Lunch is at 1—tomato soup, and macaroni and CHEESE, and salad with 3 kinds of dressing. Yikes, they’re spoiling us. With Dan & Jana gone, and us taking care of their kids, lunch is a party: our 7, the Dan & Jana’s 4 kids, the Gasses and their 2, and Beth and Rachelle. We squeeze into Beth’s porch and enjoy the feast. Matt and I talk about what they’re learning on the teaching side as they disciple the believers in the village churches. Like many tribal cultures, this is a story-telling one, and teaching works much better as story than as lecture. They’ve realized that biblical theology is much better suited to the situation than the systematic theology that we typically teach with in the States. So we talk about some resources, and with wifi now available on the compound, I can email him links to Amazon from right at the table. It’s getting so Africa isn’t even deprivational anymore.

We have some time after lunch, which the team uses as the individuals need: get things together for this afternoon or for tomorrow’s tutoring sessions, take a nap, play with the children. At 3:30 Jonathan leads a brief choir practice for the upcoming anniversary celebration, or sherehe. They run through an English hymn, a Swahili hymn, and a patriotic song about Tanzania (I don’t think it’s the national anthem). Jonathan exhorts them to show their pride of country. As believers, we can rejoice in someone else’s pride in his own country even as we rejoice in ours. It’s interesting to watch. Then he closes with a clapping exercise, having different sections clap in slightly different rhythms, so that the result is layered and complex. If it works in the long run, they’ll use it behind one of the songs. It’s a positive ending to a positive time.

We move into the sherehe planning groups. The objective for this first session is pretty simple: get all the children to the correct group, and get them thinking about what they can produce for the celebration. As noted before, we have a couple of groups working on sewing things, another on drawing, a fourth on handcrafts. It’s a pretty open-ended assignment, but our folks have some ideas to suggest to the children.

It’s a slow start. The kids are again uncooperative and even whiny, and Beth is, well, the word I use is “torqued.” After the scheduled session she calls all the children to the kibanda—uses the air horn, which typically is a signal that something big is up—and sends the team into the house. We try to hear what she’s saying, but she’s mostly speaking in Swahili, and while Maiwe is a good teacher, we’re not that good as students, so we can’t catch much. But we can catch the tone of her voice, which communicates a lot, and the few times she lapses into English. Boy, do those kids get a talking to. We’ll see what effect it has.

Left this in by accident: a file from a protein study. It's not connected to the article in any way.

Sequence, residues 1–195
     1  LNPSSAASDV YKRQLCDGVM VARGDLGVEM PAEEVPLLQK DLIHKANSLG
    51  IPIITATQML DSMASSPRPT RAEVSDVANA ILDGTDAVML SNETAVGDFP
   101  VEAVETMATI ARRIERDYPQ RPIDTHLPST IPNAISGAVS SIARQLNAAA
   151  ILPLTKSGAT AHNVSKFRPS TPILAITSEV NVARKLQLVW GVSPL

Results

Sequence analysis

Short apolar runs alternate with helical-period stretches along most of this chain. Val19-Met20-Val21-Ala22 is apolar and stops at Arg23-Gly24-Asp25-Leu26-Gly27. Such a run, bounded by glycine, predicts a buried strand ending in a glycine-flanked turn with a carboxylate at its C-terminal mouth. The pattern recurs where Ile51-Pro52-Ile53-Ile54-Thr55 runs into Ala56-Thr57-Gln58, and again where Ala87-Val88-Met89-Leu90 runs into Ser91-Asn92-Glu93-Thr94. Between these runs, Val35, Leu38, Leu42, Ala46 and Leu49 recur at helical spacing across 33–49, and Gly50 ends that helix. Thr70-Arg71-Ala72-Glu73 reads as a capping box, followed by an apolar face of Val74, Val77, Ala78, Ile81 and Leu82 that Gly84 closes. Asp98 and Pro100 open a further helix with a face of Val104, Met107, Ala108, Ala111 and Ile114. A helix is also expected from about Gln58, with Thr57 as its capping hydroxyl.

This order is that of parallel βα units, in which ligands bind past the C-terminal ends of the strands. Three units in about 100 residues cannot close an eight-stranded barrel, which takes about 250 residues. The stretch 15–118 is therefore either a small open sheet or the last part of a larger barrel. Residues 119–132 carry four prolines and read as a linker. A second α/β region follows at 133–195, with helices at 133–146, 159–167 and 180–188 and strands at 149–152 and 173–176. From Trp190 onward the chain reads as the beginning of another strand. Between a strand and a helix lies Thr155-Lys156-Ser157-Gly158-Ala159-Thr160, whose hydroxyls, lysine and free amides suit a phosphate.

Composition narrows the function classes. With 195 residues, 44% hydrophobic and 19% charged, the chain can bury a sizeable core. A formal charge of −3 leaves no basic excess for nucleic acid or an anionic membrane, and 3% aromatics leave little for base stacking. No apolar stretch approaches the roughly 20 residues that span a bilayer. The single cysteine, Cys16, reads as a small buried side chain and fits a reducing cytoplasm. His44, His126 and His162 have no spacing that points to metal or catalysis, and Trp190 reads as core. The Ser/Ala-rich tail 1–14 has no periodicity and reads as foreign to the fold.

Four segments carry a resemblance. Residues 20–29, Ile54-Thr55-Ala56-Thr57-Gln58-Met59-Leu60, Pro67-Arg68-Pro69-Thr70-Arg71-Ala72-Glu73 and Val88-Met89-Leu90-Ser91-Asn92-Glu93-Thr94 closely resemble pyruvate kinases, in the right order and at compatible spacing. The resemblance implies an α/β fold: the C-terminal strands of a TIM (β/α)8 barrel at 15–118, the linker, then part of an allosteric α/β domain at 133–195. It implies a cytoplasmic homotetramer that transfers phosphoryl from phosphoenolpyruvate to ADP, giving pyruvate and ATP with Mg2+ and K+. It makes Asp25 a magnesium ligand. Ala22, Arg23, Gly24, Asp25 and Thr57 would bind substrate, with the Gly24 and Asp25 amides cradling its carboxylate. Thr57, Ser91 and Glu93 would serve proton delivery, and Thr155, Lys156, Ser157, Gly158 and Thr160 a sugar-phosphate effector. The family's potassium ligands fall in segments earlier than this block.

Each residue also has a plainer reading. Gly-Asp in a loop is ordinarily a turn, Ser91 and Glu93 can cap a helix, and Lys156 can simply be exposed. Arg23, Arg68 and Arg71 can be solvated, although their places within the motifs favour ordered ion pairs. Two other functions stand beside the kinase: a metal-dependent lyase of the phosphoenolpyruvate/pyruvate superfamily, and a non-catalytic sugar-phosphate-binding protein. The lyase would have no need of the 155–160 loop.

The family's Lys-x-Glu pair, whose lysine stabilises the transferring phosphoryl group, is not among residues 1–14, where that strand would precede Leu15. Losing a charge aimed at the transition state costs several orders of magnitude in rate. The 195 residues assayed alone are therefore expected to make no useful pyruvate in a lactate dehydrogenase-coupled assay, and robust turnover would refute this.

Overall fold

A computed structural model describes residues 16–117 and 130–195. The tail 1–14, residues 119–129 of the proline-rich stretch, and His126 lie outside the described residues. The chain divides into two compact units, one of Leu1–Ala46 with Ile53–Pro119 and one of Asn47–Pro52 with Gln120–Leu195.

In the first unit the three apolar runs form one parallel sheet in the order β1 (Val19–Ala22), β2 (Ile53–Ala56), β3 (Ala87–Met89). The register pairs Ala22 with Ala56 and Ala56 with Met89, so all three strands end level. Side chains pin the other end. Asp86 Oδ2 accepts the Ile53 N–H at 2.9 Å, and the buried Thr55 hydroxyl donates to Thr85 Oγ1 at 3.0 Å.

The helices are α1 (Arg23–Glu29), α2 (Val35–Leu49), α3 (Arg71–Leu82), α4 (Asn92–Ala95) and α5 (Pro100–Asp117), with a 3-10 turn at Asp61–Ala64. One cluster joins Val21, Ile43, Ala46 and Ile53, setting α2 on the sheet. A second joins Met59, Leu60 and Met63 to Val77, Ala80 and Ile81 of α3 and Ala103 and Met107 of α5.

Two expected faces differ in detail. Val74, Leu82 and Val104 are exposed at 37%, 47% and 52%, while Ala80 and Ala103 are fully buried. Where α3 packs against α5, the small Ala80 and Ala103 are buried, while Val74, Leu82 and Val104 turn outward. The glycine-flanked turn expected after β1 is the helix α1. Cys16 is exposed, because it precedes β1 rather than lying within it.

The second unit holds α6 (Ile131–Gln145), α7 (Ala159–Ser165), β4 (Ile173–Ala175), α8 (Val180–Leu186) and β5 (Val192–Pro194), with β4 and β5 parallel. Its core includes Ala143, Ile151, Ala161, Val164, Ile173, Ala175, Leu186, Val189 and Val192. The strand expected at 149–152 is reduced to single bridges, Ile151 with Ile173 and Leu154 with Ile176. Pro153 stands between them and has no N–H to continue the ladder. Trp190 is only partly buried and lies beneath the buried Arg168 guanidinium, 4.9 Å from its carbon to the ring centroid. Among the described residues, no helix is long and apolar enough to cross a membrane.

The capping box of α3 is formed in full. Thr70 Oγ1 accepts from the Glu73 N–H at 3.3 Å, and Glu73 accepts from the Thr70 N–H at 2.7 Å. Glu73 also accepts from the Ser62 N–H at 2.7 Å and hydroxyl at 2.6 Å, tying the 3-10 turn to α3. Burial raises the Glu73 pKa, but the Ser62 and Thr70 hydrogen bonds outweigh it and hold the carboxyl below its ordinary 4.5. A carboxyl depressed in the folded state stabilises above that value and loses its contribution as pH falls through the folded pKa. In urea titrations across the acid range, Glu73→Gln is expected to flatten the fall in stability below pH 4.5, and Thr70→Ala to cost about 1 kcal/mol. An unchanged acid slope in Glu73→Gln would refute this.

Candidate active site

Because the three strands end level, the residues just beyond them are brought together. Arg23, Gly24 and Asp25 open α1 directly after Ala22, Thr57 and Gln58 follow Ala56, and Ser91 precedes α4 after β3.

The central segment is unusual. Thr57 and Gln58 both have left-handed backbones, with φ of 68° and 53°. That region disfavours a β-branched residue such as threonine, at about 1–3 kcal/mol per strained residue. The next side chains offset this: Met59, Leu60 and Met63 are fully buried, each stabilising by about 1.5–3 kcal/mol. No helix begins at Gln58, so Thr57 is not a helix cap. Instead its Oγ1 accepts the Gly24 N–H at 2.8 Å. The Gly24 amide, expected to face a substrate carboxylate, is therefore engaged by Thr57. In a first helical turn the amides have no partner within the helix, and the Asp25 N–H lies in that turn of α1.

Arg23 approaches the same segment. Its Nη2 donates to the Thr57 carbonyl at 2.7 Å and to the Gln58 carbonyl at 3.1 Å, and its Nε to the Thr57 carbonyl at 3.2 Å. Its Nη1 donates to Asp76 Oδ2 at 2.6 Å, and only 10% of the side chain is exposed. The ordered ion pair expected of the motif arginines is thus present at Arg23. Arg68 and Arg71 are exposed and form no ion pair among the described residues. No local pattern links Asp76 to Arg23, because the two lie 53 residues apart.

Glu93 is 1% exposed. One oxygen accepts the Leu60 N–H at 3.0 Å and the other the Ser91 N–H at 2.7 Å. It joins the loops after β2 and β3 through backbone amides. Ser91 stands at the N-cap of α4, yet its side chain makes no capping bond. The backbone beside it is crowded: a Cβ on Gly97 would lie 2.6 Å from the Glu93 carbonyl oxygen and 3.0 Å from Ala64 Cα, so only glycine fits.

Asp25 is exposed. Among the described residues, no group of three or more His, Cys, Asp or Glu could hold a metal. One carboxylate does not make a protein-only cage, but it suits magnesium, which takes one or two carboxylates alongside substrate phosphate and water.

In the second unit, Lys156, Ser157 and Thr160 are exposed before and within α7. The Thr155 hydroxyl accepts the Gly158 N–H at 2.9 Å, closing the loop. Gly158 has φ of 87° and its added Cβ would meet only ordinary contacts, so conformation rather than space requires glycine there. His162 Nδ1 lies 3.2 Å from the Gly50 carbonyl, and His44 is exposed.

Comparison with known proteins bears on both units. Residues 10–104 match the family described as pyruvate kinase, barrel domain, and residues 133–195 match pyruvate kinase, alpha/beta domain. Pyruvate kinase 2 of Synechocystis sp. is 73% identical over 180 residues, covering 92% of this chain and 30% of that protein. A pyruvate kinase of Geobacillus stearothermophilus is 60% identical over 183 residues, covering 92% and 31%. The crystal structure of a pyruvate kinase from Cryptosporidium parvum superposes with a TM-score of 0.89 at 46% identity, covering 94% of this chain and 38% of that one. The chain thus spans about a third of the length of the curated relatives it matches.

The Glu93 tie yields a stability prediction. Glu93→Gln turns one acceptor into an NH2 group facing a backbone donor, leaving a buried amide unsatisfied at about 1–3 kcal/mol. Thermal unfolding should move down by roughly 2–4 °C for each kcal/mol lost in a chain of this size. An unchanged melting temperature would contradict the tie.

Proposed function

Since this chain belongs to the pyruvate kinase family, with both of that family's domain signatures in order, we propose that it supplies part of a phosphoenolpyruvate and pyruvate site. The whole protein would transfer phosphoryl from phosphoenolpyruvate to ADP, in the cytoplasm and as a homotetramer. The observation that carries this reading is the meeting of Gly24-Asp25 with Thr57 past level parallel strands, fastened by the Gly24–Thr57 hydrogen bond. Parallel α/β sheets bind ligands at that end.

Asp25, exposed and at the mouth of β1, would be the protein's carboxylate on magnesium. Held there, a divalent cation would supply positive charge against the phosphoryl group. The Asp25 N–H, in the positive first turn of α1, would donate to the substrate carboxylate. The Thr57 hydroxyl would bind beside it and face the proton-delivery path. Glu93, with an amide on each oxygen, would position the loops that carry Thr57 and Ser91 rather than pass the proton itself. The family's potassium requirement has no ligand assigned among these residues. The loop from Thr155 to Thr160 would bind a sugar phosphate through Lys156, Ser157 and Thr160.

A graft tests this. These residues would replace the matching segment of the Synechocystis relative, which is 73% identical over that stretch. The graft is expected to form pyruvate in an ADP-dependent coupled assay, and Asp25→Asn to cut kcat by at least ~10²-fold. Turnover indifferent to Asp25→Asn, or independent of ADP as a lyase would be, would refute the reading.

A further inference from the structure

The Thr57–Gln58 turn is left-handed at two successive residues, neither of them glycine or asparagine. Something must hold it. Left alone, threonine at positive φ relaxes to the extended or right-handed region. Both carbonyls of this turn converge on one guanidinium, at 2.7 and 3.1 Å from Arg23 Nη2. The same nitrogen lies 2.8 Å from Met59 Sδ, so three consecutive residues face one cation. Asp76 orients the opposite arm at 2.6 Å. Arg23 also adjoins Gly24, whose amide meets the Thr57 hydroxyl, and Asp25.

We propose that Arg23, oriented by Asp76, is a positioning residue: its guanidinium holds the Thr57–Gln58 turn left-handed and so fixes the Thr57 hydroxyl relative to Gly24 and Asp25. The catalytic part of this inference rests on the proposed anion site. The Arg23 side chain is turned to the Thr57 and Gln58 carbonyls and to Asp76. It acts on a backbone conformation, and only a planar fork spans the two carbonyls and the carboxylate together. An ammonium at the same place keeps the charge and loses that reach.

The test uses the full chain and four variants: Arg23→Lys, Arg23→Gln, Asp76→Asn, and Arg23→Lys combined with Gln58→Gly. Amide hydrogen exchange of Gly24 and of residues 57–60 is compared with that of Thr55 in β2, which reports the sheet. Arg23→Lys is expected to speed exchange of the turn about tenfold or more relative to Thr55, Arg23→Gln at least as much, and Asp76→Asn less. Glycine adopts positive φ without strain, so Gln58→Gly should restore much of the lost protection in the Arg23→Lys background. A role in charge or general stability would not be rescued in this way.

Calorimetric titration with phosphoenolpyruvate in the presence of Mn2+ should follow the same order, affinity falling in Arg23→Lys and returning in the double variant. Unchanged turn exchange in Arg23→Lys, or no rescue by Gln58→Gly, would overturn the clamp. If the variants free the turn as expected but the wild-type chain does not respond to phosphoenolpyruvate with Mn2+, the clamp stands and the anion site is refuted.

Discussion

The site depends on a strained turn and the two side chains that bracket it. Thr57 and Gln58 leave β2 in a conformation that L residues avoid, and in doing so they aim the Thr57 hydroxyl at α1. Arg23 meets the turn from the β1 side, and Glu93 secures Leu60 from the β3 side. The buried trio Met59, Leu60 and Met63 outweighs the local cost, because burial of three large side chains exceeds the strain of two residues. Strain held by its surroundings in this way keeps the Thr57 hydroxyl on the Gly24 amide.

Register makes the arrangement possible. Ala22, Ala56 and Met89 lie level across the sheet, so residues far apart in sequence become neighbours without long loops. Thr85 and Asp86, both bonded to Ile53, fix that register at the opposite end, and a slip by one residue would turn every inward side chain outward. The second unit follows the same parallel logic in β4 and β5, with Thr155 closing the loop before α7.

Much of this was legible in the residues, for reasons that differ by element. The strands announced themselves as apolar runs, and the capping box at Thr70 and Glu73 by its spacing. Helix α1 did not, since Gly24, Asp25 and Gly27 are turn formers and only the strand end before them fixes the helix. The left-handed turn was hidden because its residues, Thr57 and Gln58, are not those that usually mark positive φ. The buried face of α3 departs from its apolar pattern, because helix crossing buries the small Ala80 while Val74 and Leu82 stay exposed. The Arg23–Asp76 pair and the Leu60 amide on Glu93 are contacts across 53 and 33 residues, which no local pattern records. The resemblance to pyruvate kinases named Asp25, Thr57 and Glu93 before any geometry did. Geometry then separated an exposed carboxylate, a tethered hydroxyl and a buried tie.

Supper is rice, beans, and pineapple. We like it; it’s filling, and flavorful, and the fruit finishes it off nicely. Some of the children eat with their hands, but most of us use a spoon with rice; we find that ugali works well with the hands, but rice is a little more difficult. We eat in the kibanda with the children, as usual, and while none of them says anything about the talking-to, it does appear that they’re trying to be good. It’s hard to tell, though, because in these casual social situations they’re routinely chatty and playful; it’s during the teaching times when they get obstinate. We’ve noticed the same tendency on previous teams, so I’m not surprised, and I’m confident that we’ll work through it, as we have in the past.

For house devotions I continue talking about conversion and the changes it makes. I’m hoping that they’ll connect that idea with the behavioral trouble they’ve been having. When I ask for prayer requests, I get the usual, and then one boy says, “Our behavior.” What do you mean by that? “It needs to change.” Yes, we can pray for that.

Afterwards we drop by Beth’s porch for wifi time, and she asks if we all can have a time of prayer together. I can tell that she’s discouraged, and corporate prayer is intended for times like these. So several of us pray, for the children, for Beth and Rachelle, for Ferdinand and Abeli, for the mamas.

This work, like any ministry, is both deeply rewarding and frustrating. When the children come running to you, smiling, and hug you or sidle up to you or laugh with you, you’d think that there’s nothing more joyous. They’re in the image of God, and working with them is deeply satisfying. But they’re also fallen, and sometimes their sinfulness just drives you nuts. In those times I recall the unholy terror I was—how many people (besides me) do you know who were kicked out of their first-grade Sunday school class?—and I think of the days to come when some of these children will be solid Christian adults, serving in churches, ministering in the ways for which God has gifted them—when they’ll come back by Tumaini, look the staff in the eyes, and tell them how much their labors are now appreciated. That day will come, but there are times when it seems a long way off. In the final analysis, of course, we don’t labor for the day when they’ll thank us; we labor out of love for Someone whose opinion is far more significant. Paul’s words in 2 Corinthians 4 are powerful in times like these:

16 So we do not lose heart. Though our outer self is wasting away, our inner self is being renewed day by day. 17 For this light momentary affliction is preparing for us an eternal weight of glory beyond all comparison, 18 as we look not to the things that are seen but to the things that are unseen. For the things that are seen are transient, but the things that are unseen are eternal.

Two of our girls are staying at Dan & Jana’s house overnight, and the other two are pretty well shot. I announce that we won’t have team devotions tonight—the prayer time will certainly suffice—and everybody heads off to bed.

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Dan Olinger

Chair, Division of Bible in the BJU School of Religion.